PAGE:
Kulwych as he appears in 'The Book of Magic' (Merlin Saga, Book 12)

Kulwych as he appears in ‘The Book of Magic’ (Merlin Saga, Book 12)

Much of the focus of my stories is on the path of heroes, since, as Joseph Campbell so wisely taught, every great and enduring adventure involves the journey of a hero who works toward a worthy goal. But some of the most memorable stories have another very important character…. the villain.

Villains are hugely important in a compelling story. Too often they’re painted in quick brush strokes, making shallow, uninteresting characters. But a villain who is well-wrought is someone we yearn to know better — someone with depth, nuance, authenticity, and unpredictability.

Who, among all the villains I’ve written about in my story, was my “favorite”? Well, of course, it’s difficult to choose just one — I have special places in my heart for all of the characters I write, even the bad ones! I think two of the runners-up would be the wicked sorcerer Kulwych from The Great Tree of Avalon trilogy and Narkazan, the terrible warlord of the spirit realm from the Atlantis Saga. But for my favorite villain? I choose Stangmar from the Merlin Saga.

Stangmar’s troubled youth made him a very compelling character to me as a writer, and I hope he is just as compelling to my readers. I believe a large part of what makes the dark king such an interesting figure is his humanity — how closely his flaws match the ones we all have, and how easily his mistakes might mirror ones we’ve made in our own lives. In the very first book of the Merlin Saga we learn that Stangmar is descended from the great wizard Tuatha, but despite his magical bloodline he possesses none of his father’s abilities. As the non-magical son of Fincayra’s legendary sorcerer, as a child Stangmar was humiliated and constantly aware of his own shortcomings. His judgmental father only made things worse. Apart from his brief escapes to climb trees in Druma Wood or to ride his magnificent horse, the young Stangmar had no peace, no freedom from self-hatred.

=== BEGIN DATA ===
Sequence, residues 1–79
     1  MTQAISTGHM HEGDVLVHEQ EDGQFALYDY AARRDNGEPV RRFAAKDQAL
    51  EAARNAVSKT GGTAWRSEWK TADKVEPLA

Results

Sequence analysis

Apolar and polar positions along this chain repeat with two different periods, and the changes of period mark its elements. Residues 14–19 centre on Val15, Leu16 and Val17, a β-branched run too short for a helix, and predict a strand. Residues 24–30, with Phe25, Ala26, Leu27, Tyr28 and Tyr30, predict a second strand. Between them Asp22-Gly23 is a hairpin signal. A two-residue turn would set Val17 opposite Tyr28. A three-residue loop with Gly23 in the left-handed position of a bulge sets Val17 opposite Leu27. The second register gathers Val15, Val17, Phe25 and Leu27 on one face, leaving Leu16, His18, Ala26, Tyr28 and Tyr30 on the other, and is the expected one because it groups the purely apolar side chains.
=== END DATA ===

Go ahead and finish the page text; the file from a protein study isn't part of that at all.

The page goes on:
Given his troubled background, I think it’s no surprise that the spirit warlord Rhita Gawr would try to corrupt Stangmar.  Under Rhita Gawr’s influence, and desperate to enhance his own power as king, Stangmar tried to capture all the Treasures of Fincayra. These magical objects represented all he had come to hate, but deep in his heart he still longed to make up for the qualities he himself lacked. His dark allegiances twisted him into a creature full of rage and lust for power — someone who obeyed Rhita Gawr’s every command. He was so helpless under that evil influence that when faced with the option he even made the choice to kill his own son Merlin — a boy who had been born with all the magical abilities that Stangmar himself lacked. Despite that, there remained a deeper part of him — a man who dearly loved the woman Elen so much that when she fled Fincayra with their son, it broke what remained of his heart.

As those of you know who have read Merlin Saga Book 5, A Wizard’s Wings, all this complexity gives Stangmar a special kind of depth. In some ways, he’s the mirror image of Merlin. For Merlin, like his tormented father, wrestles often with his own dark side and light side. That depth makes Stangmar surprisingly unpredictable… and gives him, at long last, a chance for redemption.

Portions of this post were created for “Villains Week” on the fan-led Isle of Fincayra Facebook fan page





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